by E.H. ‘Jack’ Sequeira
When I was a missionary in Uganda, a young African approached me one day with a sincere desire to witness for Christ. “Are you saved?” he asked.
After convincing him that I was a Christian, I returned his question. “Are you saved?”
“Praise the Lord, I am saved!” He replied enthusiastically.
“If you’re saved,” I responded, “how is it that I can smell pombe [a local beer] on your breath?”
Taken aback, he answered in amazement, “Don’t you know that we are saved by grace and not by works?”
So I asked him to explain what he meant.
“Christ did it all,” he answered.
“I see,” I replied. “You mean He lived a perfect life and died the wages of sin instead of you.”
“That’s it; you’ve got it!”
“If that’s true,” I teased, “then did He also go to heaven instead of you?” Naturally, he was not willing to buy that.
Like this young man, many Christians today fail to understand the biblical meaning of salvation by grace. They accept what the German martyr, Dietrich Bonhoeffer, aptly described as “cheap grace” — the idea that, because Christ did it all, Christians have the liberty to live as their sinful natures please. The Bible, of course, teaches no such thing.
How, then, are we to understand this wonderful truth of salvation by grace? Did Christ do away with the law when He saved us by grace?
Tension Between Law and Grace
On the surface, law and grace seem to be antagonistic toward each other. The law demands obedience as a condition of salvation see Romans 10:5], while grace offers salvation as a free gift without works [see Ephesians 2:8-9]. The law condemns the sinner [see Galatians 3:10], while grace justifies the ungodly [see Romans 4:5]. The result is that many who accept God’s offer of grace end up rejecting the law. But the Bible — Old Testament and New Testament — does not present grace in opposition to law. Both have their source in God, and God is not self-contradictory.
Many Christians today try to resolve the tension between law and grace through the doctrine of dispensationalism. Dispensationalism divides the Bible into time periods, or dispensations, and teaches that, from Moses until Christ, salvation was based on man’s obedience to the law under the old covenant. But, says dispensationalism, now that Christ has come and obtained eternal redemption for mankind, salvation comes through the new covenant of grace; the law has been done away with.
This teaching not only denies the unity of Scripture but also contradicts the clear teaching of the New Testament. God has always had only one way of saving sinners, and that is by grace through His redemptive activity in Christ. The apostle Paul says clearly in Romans 4 that Abraham, the father of the Jews, was not saved by circumcision or works or by keeping the law, but by faith in God’s promise of salvation in His Son Jesus Christ.
God never gave the law as a means of salvation; that idea is a perversion [see Romans 9:30-33]. Paul goes to great lengths to correct this error in his letter to the Galatians [see Galatians 2:16; 5:4]. God’s main purpose in giving the law was to convict mankind of sin [see Romans 3:20] so that the gift of salvation might become meaningful. “So the law was our guardian until Christ came that we might be justified by faith” [Galatians 3:24].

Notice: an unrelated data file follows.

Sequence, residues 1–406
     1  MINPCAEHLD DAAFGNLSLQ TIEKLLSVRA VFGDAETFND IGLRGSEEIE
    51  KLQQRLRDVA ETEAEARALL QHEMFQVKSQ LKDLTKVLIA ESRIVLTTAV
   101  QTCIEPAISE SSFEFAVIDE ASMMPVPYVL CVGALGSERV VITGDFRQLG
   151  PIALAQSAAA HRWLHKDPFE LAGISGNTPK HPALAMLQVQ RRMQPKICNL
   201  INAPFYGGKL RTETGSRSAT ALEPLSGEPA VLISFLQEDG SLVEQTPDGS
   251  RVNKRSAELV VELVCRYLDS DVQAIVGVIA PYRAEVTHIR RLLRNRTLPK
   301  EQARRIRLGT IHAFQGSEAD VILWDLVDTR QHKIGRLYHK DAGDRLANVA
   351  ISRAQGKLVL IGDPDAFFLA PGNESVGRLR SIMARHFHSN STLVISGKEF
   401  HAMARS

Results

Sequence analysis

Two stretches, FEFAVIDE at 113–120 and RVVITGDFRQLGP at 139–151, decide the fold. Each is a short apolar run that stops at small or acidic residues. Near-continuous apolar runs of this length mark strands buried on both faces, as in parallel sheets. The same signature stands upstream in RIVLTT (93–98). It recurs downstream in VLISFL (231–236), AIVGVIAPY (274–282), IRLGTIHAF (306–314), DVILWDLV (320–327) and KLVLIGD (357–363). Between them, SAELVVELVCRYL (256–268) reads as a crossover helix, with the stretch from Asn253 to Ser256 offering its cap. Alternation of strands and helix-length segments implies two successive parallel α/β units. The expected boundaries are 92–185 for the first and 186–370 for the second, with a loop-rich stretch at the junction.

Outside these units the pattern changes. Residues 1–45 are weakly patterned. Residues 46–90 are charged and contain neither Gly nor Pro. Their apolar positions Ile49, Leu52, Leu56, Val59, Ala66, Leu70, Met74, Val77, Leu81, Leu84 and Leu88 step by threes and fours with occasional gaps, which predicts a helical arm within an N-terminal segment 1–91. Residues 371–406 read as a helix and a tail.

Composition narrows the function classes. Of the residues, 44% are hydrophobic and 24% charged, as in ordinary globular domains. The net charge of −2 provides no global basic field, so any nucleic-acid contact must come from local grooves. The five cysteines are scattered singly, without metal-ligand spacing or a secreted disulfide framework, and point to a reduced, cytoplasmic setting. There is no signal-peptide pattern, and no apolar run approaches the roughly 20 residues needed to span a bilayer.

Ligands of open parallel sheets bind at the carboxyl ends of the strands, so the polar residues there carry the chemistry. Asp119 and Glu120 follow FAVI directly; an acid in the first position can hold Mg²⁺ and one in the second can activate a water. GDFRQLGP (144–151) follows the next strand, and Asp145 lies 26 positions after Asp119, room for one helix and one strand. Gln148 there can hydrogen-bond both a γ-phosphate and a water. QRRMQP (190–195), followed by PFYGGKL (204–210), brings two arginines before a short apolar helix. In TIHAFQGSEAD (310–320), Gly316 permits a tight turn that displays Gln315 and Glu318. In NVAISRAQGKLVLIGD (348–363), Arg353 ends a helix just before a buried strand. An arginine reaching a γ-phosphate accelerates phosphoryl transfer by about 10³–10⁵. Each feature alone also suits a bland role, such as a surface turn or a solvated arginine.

Because we are self-centered by nature, it doesn’t take much to trap us in legalism, which is the attempt to be saved by our obedience to the law. At the heart of every pagan religion is the idea that man must save himself by his own good works. The Bible, however, teaches that this is impossible, that our only hope lies in salvation by faith in God’s redeeming grace [see Romans 3:20, 22]. “For we maintain that a person is justified by faith apart from the works of the law” [Romans 3:28].
Not Under the Law but Under Grace
Every born-again Christian is no longer under law, but under grace [see Romans 6:14]. But what does it mean to be “under grace,” and how does it affect our lives as Christians? First, we must clearly understand what the Bible means by the terms under law and under grace.
Under Law. The word under means “to be ruled, or dominated, by.” So to be “under law” means to be ruled or dominated by the law. It means that our standing before God is based on our performance in terms of the law, the revelation of God’s express will. Being “under law” means justifying ourselves in God’s presence by our behavior regarding the law. The law always comes to us and says, “Do this, don’t do that, and you shall live” [see Romans 10:5]. Failure to keep the law results in the curse: “Cursed is everyone who does not continue to do everything written in the Book of the Law” [Galatians 3:10].
In the Garden of Eden, before sin, Adam and Eve were “under law.” God created them with a perfect, sinless nature, and placed them under the law. “And the Lord God commanded the man, ‘You are free to eat from any tree in the garden; but you must not eat from the tree of the knowledge of good and evil, for when you eat from it you will certainly die’ ” [Genesis 2:16-17]. When Adam and Eve disobeyed this command, they came under the condemnation of death; they forfeited their lives. This death sentence has passed to all humanity because all mankind was in Adam when he sinned and, therefore, was implicated in his sin [see Romans 5:12; 1 Corinthians 15:22].
Being “under law” also means being under the curse or condemnation of the law. This, too, is our plight; we are “by nature deserving of wrath” [Ephesians 2:3]. No matter how good an opinion we may have of ourselves, the fact is that we were born into a lost race. As Paul says, “Now we know that whatever the law says, it says to those who are under the law, so that every mouth may be silenced and the whole world held accountable to God. Therefore no one will be declared righteous in God’s sight by the works of the law; rather, through the law we become conscious of our sin” [Romans 3:19-20].
Paul is telling us in these verses that not only do we stand condemned under the law, but also that we cannot possibly meet its demands. To save us from this hopeless situation, “But when the set time had fully come, God sent his Son, born of a woman, born under the law, to redeem those under the law, that we might receive adoption to sonship” [Galatians 4:4-5]. In redeeming us from being “under law,” Christ has put us “under grace.” This is the position of all who have received Him by faith [see Romans 6:14].